I really don't think anyone who isn't going to forfeit tens of thousands of dollars can really complain about the quality of the protests of those who will. Sure, I agree that shutting down THE search engine and online encyclopedia for a day isn't terribly severe. But to cuss them out for doing that which no one else is doing? Even if you're one of the (far too) few that actually signed petitions, we've a long way to go to match their contribution.

Posted by JayDee

cool

Posted by super2j

Sopa is not the first or last. For a company to put itself in danger to prove a point is like a man trying to stop the cutting of one tree in the forest and putting everything on the line for it. This is one attempt on the tree but many more can come and having himself potentially killed for the sake of one tree is dumb. Im not saying these companies shouldnt show support or care. Im just saying, the people of the internet are fickle and if google goes down on this, it doesnt matter if they succeed or not in the demonstration, everyone may move on to bing and like it because google forced people to try something new (exhibit A: internet explorer 6 had to be ripped out of the hands of most people, how hard is it to get people to try new browsers?). And now (in this scenerio) google is in the shitter for succeeding (and protecting the interests of direct competitors) or failing and still losing footing.

If asked tho, i tend to agree with your sentiment, i also would love to see if the internet leaders shut down their respective sites.

Posted by TheSeductiveMoose

@jakob187 said:

If Facebook shut down for a week solid...

If Google cut all of its services off for a week solid...

This would mean a loss of tens of millions of dollars; this isn't a realistic proposition.

Posted by Example1013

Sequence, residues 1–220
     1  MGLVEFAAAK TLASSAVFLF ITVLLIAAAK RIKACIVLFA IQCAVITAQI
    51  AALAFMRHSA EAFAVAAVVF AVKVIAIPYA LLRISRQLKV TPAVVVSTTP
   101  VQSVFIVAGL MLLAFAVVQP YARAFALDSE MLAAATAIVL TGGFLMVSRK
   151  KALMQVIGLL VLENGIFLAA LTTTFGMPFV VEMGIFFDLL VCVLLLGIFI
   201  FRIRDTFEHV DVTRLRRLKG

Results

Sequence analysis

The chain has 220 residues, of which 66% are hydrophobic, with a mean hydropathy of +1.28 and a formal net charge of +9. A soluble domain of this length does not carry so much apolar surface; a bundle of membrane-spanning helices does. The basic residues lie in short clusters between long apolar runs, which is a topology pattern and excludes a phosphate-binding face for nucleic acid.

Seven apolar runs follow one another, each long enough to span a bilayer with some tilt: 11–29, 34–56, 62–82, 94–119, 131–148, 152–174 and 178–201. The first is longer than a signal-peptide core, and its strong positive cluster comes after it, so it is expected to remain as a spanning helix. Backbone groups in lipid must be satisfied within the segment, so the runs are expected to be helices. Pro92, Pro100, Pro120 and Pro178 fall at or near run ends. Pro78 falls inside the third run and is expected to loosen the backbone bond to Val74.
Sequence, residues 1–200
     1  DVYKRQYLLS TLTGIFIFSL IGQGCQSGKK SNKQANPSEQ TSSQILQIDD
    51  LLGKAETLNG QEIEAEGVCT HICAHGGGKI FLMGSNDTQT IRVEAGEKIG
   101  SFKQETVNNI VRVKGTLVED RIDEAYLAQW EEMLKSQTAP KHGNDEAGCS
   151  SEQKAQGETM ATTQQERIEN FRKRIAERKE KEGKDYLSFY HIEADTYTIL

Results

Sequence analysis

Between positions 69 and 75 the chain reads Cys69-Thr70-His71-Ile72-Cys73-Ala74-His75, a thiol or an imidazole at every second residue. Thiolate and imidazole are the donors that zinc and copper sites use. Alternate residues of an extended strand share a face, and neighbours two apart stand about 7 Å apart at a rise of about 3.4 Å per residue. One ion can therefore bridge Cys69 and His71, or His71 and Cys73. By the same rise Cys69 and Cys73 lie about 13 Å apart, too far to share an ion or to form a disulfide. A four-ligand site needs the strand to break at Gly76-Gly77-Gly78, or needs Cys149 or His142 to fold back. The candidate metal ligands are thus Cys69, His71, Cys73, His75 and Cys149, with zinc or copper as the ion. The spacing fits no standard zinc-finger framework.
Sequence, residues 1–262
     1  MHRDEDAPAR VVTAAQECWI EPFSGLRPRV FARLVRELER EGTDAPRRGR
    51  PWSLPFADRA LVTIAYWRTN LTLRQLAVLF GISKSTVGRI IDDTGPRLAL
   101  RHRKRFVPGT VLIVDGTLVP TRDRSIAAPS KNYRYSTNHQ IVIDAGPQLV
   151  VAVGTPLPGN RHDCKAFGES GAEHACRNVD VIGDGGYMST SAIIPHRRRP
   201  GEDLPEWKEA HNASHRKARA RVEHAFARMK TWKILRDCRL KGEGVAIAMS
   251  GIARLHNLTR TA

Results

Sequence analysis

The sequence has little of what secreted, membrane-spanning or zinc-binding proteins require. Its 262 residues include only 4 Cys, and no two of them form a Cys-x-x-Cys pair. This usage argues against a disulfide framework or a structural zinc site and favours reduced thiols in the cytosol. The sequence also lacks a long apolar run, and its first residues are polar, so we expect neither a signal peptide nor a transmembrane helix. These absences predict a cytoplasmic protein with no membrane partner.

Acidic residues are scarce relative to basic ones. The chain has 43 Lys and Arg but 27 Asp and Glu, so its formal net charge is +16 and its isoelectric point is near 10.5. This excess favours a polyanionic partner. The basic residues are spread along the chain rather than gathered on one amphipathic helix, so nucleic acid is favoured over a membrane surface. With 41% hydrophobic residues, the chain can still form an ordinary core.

No what we need is to bomb the internet, just like the Japanese did in 1942. THAT would make Jan. 18 a day that would live in infamy.

Posted by Crixaliz

I never saw SOPA or PIPA get mentioned on traditional news channels like CNN, until Wikipedia declared the 'blackout'.

So in terms of raising awareness, this protest seems to be doing the job.

Posted by spazmaster666

Even ignoring the millions of dollars they would lose in revenue, If Google and Facebook were down for a week, that would be very annoying for me as a student especially given that a lot of the information we share as a class is posted on Facebook and I use Google Scholar for a lot of my primary literature searches (as a supplement to PubMed). Also, having a big fat message on the Google front page about SOPA will basically do the same thing as a blackout without the unnecessarily inconvenience.

Posted by jakob187

@mlarrabee said:

I really don't think anyone who isn't going to forfeit tens of thousands of dollars can really complain about the quality of the protests of those who will. Sure, I agree that shutting down THE search engine and online encyclopedia for a day isn't terribly severe. But to cuss them out for doing that which no one else is doing? Even if you're one of the (far too) few that actually signed petitions, we've a long way to go to match their contribution.